Hospitals Continue Riding the Hiring Roller Coaster

July was a particularly good month for hiring at the nation’s hospitals. Official numbers from the U.S. Bureau of Labor Statistics (BLS) indicate hospitals added 15,700 new healthcare jobs in July, twice the number added in the previous month. Usually, this would be perceived as good news. It is to some degree, but the numbers also show that hospitals have been on the hiring roller coaster since the start of the year.

Hospitals added 11,800 healthcare jobs in January, followed by successive drops in February and March. April saw a slight up-tick with another fall in May and another small increase in June. Total healthcare hiring did not fare much better. It has been up and down multiple times through the first seven months of the year.

The positive news is that the sector is expanding overall. As is normally the case, healthcare consistently does well even when other sectors of the economy are contracting or remain flat. This year has been no exception. Healthcare continues to expand as more and more people have access to affordable health insurance plans.

Hospitals Facing Competition

There could be multiple reasons for the hospital hiring roller coaster, the first being stiff competition. Low-cost public health clinics and pharmacy-based primary care offices are now competing with hospitals for a lot of the run-of-the-mill care they have been providing for so long. And why not? Both kinds of facilities offer the care patients need at a fraction of the cost. In an era of doing everything we can to bring down the cost of healthcare delivery, it makes sense that patients will wind up seeking care wherever it is cheapest.

Another area of competition is that of walk-in primary and urgent care. Where hospital EDs used to be the mainstay of walk-in care among patients without regular primary care doctors, those patients are now more likely to go to their local urgent care center. It is not necessarily less expensive, but waiting lines are much shorter, and service is more personal.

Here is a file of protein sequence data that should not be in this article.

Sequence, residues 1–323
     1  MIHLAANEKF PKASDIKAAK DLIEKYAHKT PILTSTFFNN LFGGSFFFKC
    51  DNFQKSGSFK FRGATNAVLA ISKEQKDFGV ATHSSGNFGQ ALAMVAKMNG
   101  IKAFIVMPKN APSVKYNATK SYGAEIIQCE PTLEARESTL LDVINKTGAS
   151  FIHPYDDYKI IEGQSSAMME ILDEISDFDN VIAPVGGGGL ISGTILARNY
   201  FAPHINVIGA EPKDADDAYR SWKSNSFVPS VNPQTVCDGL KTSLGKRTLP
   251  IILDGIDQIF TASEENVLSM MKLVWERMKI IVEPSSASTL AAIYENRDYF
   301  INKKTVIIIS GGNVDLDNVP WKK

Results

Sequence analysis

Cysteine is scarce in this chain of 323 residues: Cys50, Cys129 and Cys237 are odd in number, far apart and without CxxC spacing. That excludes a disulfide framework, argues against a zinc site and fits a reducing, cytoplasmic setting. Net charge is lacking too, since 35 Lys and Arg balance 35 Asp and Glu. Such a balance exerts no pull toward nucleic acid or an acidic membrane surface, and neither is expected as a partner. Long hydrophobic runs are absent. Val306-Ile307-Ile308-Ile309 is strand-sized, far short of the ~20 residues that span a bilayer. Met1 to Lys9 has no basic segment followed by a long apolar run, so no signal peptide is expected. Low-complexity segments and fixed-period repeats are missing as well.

A third potential contributor, according to Merritt Hawkins, is one of consolidation. Smaller hospitals and hospital groups are being purchased by their larger competitors in the knowledge that consolidation can reduce overall costs while increasing profits. However, with consolidation often comes lower staffing needs as a result of shared services. We have seen a number of significant consolidations this year that could very well be having an impact on hospital hiring.

Nursing and Locum Tenens

The hospital hiring roller coaster is not all bad news, by the way. Nurses and locum tenens physicians are among the bright spots for the year. According to Merritt Hawkins and their parent company, hospitals have been steadily increasing nursing and locum tenens staffing levels to account for a greater influx of patients. We expect to see the locum tenens sector do very well for the foreseeable future, as hospitals are discovering new ways to address the changes brought on by the implementation of the Affordable Care Act (ACA).

So, will the hiring roller coaster ride ever come to an end? Yes, it will. The BLS predicts the healthcare sector will grow in excess of 29% over the next ten years or so – hospital hiring will account for about 17% of it. Nevertheless, once the industry gets a handle on all the new changes resulting from the ACA, things will level out. Moreover, at some point the number of new patients accessing healthcare for the first time will level off. That is when we will begin to see hospital hiring follow a more stable, long-term, upward trajectory.

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